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              • #67
                Originally posted by Barreldriver View Post
                Tis a shame really, can't see FTDNA's logic in excluding Northern American Indian's from the references.
                It's not a deliberate exclusion, but the reference populations aren't complete. The NA populations in PF were tested many years ago as part of the Human Genome Diversity Project, which was terminated prematurely (in my opinion) for political reasons (accusations of "biopiracy" and the like).

                However, all is not lost. There was a relatively small founder population for Native Americans, and comparisons with the Pima and Maya groups can be informative. There is an STR that's found at some levels in all Native American populations tested so far, but not in Asia. That's a good indicator of a founding population.

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                • #68
                  PF can show both deep and recent heritage

                  Yaffa is correct in that PF looks at recent ancestors (maybe 5 generations). But there is a way for ancient heritage to show up in recent ancestors, according to the FAQs. For instance, my family may have one or several NA ancestors in the 1800s, but by the 1900s there are no full blooded NAs in my family. My PF results show NA ancestry even though I have 0 NA ancestors in my family in the last 110-150 years. I do have, however, several lines in my family with Mestizo ancestry (NA/something else), and the NA ancestry is several thousands of years old.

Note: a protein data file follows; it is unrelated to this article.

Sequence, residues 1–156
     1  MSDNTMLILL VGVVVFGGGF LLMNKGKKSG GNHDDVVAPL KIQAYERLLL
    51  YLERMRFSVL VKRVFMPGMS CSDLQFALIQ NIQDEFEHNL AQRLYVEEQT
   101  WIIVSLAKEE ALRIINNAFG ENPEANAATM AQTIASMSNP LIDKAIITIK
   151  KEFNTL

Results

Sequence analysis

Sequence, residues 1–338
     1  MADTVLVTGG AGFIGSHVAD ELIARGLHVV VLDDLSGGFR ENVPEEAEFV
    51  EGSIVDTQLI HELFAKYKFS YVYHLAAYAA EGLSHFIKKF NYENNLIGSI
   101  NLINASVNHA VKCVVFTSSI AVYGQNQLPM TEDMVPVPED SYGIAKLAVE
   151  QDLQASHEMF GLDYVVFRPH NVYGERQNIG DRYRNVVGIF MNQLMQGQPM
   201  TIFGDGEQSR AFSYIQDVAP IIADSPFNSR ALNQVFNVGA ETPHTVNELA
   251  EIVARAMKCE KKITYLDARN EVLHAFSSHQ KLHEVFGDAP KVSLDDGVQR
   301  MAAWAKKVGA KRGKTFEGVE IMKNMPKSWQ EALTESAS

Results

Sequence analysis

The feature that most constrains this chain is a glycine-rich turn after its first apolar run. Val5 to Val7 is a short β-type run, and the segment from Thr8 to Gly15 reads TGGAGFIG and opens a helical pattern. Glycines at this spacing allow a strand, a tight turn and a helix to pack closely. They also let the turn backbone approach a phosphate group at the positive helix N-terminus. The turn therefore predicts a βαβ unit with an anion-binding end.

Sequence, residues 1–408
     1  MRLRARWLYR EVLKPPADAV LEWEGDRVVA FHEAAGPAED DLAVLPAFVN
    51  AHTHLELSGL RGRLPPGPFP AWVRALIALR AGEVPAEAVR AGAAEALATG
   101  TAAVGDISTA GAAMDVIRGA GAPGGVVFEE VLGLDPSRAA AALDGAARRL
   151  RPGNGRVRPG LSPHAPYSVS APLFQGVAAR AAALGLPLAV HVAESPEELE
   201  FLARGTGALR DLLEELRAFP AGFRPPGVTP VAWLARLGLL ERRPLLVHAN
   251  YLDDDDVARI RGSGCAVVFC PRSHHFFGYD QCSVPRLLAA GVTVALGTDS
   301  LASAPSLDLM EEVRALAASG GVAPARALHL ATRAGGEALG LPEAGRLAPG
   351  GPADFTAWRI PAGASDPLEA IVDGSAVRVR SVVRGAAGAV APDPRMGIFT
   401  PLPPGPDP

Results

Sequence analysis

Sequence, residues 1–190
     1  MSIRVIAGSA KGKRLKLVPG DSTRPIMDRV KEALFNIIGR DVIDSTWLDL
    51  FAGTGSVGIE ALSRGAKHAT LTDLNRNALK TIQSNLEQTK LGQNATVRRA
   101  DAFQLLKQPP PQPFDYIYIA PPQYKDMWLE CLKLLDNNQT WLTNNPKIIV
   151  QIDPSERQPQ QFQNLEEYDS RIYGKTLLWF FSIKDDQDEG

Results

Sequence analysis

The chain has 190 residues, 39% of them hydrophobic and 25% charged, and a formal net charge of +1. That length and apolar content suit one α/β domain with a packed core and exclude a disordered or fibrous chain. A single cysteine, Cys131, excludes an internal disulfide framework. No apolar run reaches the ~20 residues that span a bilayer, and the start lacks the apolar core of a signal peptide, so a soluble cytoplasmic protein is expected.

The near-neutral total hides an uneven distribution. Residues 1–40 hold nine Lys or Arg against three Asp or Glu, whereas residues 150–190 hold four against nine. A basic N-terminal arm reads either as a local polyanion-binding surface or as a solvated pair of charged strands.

On one side of my family, I have ME ancestry as recent as one generation ago. On the other I have no ME ancestor in the last 500 years, however, my Iberian ancestors were of ME heritage. In Mexico, from Colonial times, they intermarried with others of like heritage and it wasn't until the 1800s when they began mixing with folks who had Mestizo or NA heritage.

                  In the case of my NA ancestry, it is most likely deep heritage showing up in recent ancestors. In the ME ancestry, in my case, it is both deep and recent ancestry mixing together. The margin of error for my ME results is less than 1%.

                  I have more of a tan than my younger brother, who is very light skin with dark hair. It is obvious that I inherited more NA features than he did, and the PF results for both of us are likely to be different, because we each got different amounts of heritage from our family (he hasn't tested). This is also in the FAQs.

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                  • #69
                    Originally posted by Barreldriver View Post
                    I just sent my autosomal file. I had trouble with my first PF file as well, I had back up with 23andMe though. I'm still waiting for the upgrade of the PF as well so I can send that raw data in to see if there's any drastic changes or not.
                    I have not taken 23andme so Ill wait and see what new PF states since they are upgrading the old results to see if anything changes

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                    • #70